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Atlas

Mixed Breed

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“Lots of energy and very loving. Seriously, the sweetest dog.”

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@atlastherescuedog

This dog has been viewed 276 times and been given 0 wags

Genetic Breed Result

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Mixed Breed

43.5% Siberian Husky
36.0% Alaskan Malamute
8.8% Samoyed
7.2% German Shepherd Dog
4.5% Gray Wolf
Siberian Husky Siberian Husky
Bred initially in Northern Siberia, the Siberian Husky is a medium-sized working dog who is quick and light on their feet. Their moderately compact and well furred body, erect ears and brush tail suggest their Northern heritage. Huskies are very active and energetic and are known for being long distance sled dogs.
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Alaskan Malamute Alaskan Malamute
The Alaskan Malamute features a powerful, sturdy body built for stamina and strength. It reigns as one of the oldest dog breeds whose original looks have not been significantly altered. This intelligent canine needs a job and consistent leadership to avoid becoming bored or challenging to handle.
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Samoyed Samoyed
A working breed, the Samoyed can be strong-willed at times, but above all they remain friendly, gentle, and devoted family dogs. The Samoyed was originally bred to hunt, haul sledges, and herd reindeer. Among the breed’s duties: pack hiking, tracking, and warming their owners by sleeping on top of them at night.
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German Shepherd Dog German Shepherd Dog
German Shepherds are confident, courageous dogs with a keen sense of smell and notable intelligence.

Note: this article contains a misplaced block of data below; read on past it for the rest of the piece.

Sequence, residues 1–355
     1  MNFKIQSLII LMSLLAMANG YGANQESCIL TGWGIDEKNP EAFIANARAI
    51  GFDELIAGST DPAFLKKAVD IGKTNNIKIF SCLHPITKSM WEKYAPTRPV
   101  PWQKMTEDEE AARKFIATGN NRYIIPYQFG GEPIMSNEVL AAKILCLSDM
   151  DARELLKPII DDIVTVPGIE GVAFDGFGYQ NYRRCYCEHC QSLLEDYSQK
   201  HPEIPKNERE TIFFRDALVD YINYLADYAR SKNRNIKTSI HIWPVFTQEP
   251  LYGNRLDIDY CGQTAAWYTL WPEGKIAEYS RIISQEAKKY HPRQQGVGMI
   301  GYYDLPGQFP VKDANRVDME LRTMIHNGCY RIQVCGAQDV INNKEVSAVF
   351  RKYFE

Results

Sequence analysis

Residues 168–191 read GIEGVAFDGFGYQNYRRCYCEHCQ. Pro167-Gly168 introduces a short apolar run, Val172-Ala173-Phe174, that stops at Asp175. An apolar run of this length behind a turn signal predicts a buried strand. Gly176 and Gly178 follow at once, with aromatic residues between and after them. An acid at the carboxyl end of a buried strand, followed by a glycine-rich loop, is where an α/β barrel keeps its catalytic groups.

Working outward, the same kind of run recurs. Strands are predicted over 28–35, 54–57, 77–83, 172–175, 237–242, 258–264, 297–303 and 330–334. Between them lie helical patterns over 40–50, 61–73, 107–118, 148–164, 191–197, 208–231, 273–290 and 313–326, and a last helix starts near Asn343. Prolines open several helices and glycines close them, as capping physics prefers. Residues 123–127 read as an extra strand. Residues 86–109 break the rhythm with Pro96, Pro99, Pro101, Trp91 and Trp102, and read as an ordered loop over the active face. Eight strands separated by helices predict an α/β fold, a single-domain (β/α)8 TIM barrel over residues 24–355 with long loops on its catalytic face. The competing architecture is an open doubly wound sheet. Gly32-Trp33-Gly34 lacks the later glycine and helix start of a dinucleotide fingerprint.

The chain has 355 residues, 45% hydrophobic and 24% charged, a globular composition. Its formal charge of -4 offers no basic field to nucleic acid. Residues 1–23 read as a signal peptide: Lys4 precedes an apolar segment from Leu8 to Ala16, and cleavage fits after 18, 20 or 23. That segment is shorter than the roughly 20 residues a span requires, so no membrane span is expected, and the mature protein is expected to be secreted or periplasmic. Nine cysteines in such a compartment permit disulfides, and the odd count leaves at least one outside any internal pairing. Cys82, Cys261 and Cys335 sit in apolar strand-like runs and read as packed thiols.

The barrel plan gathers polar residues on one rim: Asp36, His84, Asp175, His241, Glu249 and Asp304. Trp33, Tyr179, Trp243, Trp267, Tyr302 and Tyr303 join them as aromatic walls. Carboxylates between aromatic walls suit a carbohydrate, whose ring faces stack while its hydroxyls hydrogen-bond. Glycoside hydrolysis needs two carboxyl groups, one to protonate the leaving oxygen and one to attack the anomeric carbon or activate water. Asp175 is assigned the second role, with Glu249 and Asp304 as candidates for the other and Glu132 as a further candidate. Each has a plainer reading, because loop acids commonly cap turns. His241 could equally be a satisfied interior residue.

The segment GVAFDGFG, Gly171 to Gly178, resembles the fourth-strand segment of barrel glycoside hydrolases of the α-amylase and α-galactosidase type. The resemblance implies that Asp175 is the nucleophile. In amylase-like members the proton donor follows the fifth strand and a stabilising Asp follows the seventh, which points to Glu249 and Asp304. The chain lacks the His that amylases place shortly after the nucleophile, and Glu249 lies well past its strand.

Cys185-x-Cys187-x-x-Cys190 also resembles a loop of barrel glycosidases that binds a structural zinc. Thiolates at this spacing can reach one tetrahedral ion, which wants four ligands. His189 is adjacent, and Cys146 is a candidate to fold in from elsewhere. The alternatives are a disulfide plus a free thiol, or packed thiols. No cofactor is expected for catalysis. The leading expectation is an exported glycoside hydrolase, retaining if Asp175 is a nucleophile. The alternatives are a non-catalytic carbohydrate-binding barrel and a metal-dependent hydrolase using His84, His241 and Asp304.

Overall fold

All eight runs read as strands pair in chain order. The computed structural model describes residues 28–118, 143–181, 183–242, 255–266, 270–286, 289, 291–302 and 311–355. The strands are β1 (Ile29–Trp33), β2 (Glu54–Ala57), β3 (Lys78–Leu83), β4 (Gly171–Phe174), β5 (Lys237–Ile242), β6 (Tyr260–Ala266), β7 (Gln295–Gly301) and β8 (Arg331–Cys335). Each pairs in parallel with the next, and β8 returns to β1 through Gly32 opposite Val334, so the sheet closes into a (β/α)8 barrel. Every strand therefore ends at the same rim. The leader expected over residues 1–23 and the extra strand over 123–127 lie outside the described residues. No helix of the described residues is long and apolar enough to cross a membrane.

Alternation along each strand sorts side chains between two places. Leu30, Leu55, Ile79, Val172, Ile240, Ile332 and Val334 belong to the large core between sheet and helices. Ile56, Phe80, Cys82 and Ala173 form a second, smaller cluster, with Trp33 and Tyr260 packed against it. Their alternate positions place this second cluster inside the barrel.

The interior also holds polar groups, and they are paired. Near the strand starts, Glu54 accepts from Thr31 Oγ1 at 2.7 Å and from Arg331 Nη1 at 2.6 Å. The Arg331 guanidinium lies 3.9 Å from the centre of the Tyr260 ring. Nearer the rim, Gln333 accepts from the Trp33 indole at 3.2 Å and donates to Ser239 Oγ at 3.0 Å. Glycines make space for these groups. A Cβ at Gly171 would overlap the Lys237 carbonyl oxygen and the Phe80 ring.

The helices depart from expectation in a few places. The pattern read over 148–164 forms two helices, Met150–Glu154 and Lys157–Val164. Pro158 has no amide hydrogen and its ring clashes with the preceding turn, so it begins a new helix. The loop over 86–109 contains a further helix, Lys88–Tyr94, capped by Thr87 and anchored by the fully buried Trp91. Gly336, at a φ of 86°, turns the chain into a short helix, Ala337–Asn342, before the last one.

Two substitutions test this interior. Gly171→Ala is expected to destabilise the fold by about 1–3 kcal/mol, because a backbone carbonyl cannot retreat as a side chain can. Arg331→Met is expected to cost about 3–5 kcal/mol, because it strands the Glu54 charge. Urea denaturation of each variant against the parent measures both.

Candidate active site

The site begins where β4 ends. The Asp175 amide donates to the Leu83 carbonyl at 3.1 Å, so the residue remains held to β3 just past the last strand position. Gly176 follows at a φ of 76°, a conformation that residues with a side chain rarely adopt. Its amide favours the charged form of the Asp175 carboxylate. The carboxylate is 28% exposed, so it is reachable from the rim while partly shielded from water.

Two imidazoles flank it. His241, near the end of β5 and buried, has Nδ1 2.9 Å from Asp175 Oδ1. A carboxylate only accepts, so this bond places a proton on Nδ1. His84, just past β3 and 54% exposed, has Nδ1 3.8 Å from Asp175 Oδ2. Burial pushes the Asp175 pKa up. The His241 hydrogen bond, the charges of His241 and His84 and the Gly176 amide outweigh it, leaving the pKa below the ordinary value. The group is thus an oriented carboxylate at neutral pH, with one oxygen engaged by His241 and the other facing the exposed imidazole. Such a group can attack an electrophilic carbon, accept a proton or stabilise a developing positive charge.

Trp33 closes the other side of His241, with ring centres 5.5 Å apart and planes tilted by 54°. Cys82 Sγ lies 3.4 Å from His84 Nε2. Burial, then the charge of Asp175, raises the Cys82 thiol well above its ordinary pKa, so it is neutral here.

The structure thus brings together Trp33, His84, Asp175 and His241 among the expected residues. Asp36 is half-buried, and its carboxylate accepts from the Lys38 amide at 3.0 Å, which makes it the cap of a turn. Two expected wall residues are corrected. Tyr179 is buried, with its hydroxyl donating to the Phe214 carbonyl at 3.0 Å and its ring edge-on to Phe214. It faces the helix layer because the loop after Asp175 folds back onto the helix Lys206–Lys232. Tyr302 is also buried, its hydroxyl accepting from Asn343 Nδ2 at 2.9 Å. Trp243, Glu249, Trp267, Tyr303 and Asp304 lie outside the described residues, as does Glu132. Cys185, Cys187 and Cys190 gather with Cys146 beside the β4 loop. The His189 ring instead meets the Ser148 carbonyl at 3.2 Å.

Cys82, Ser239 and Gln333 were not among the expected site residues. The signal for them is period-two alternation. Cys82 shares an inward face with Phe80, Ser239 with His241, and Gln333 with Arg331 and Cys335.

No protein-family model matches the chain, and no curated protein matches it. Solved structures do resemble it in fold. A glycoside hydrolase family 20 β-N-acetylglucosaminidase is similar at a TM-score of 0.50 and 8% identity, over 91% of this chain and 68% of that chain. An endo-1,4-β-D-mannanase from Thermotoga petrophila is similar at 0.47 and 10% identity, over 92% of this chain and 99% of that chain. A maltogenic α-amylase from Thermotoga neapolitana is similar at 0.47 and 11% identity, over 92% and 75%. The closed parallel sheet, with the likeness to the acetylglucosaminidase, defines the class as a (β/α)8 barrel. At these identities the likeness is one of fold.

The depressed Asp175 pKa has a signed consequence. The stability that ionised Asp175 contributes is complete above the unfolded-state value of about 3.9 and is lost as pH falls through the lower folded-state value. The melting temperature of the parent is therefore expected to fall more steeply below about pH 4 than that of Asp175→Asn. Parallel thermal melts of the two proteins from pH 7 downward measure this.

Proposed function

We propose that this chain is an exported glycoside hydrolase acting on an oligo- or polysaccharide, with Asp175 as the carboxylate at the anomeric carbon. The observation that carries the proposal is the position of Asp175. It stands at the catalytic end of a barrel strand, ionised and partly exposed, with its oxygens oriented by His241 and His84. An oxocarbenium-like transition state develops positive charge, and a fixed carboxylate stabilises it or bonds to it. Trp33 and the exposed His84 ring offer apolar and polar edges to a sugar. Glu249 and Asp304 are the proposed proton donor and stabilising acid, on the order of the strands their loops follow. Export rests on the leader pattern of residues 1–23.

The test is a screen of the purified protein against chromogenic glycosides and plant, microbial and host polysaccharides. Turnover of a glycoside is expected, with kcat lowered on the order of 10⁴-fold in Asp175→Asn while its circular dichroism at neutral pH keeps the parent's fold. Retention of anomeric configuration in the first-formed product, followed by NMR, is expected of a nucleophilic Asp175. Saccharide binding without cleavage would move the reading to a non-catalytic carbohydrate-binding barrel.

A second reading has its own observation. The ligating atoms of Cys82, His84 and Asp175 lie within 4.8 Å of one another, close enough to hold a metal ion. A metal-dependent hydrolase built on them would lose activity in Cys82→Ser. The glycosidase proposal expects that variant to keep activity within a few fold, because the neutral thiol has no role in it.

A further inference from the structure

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Gray Wolf Gray Wolf
They Gray Wolf is the largest of all the wolf species. These are pack animals that are tactical hunters. While they are wild animals, wolves are still able to breed with dogs.
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Genetic Stats

Wolfiness: 3.7 % HIGH Learn More
Predicted Adult Weight: 58 lbs Learn More
Genetic Age: 28 human years Learn More

Breed Mix Matches

Explore other Embark dogs who have breed mixes that are similar to Atlas’s.
A Mix Match of 100 means they are the exact same breed mix!

DNA Breed Origins

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Breed colors:
Siberian Husky
Alaskan Malamute
Samoyed
German Shepherd Dog
Gray Wolf

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Family tree

Maternal Haplotype

Paternal Haplotype

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Family Tree From Embark PARENTS GRANDPARENTS GREAT GRANDPARENTS Siberian Husky mix Mixed Siberian Husky Alaskan Malamute mix Siberian Husky / German Shepherd Dog mix Alaskan Malamute / Samoyed mix Siberian Husky Siberian Husky Alaskan Malamute Alaskan Malamute mix Siberian Husky German Shepherd Dog mix Alaskan Malamute Samoyed mix
Explore by tapping the parents and grandparents.